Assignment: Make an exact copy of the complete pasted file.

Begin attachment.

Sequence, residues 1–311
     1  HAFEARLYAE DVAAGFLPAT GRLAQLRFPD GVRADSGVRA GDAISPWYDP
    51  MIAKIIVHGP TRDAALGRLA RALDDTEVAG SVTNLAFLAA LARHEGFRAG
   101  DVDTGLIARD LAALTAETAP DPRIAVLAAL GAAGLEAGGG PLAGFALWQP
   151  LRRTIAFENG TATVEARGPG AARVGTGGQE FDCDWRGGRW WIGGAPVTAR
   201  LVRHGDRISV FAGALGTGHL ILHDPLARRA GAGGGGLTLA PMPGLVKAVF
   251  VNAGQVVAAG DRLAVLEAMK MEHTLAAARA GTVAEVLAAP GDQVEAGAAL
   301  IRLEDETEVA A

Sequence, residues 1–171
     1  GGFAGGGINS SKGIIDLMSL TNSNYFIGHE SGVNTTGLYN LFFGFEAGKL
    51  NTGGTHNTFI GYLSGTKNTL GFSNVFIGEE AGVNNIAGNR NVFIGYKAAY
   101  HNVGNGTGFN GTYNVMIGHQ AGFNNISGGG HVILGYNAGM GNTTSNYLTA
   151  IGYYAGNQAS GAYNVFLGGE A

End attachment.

Sequence, residues 1–311
     1  HAFEARLYAE DVAAGFLPAT GRLAQLRFPD GVRADSGVRA GDAISPWYDP
    51  MIAKIIVHGP TRDAALGRLA RALDDTEVAG SVTNLAFLAA LARHEGFRAG
   101  DVDTGLIARD LAALTAETAP DPRIAVLAAL GAAGLEAGGG PLAGFALWQP
   151  LRRTIAFENG TATVEARGPG AARVGTGGQE FDCDWRGGRW WIGGAPVTAR
   201  LVRHGDRISV FAGALGTGHL ILHDPLARRA GAGGGGLTLA PMPGLVKAVF
   251  VNAGQVVAAG DRLAVLEAMK MEHTLAAARA GTVAEVLAAP GDQVEAGAAL
   301  IRLEDETEVA A

Sequence, residues 1–171
     1  GGFAGGGINS SKGIIDLMSL TNSNYFIGHE SGVNTTGLYN LFFGFEAGKL
    51  NTGGTHNTFI GYLSGTKNTL GFSNVFIGEE AGVNNIAGNR NVFIGYKAAY
   101  HNVGNGTGFN GTYNVMIGHQ AGFNNISGGG HVILGYNAGM GNTTSNYLTA
   151  IGYYAGNQAS GAYNVFLGGE A